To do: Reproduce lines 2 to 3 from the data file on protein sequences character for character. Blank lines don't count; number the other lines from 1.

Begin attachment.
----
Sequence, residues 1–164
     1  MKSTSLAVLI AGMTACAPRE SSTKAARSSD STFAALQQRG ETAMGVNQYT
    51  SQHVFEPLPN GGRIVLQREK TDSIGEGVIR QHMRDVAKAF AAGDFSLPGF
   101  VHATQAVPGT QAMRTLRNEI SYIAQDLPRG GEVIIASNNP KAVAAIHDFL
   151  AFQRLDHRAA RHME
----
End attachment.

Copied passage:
     1  MKSTSLAVLI AGMTACAPRE SSTKAARSSD STFAALQQRG ETAMGVNQYT
    51  SQHVFEPLPN GGRIVLQREK TDSIGEGVIR QHMRDVAKAF AAGDFSLPGF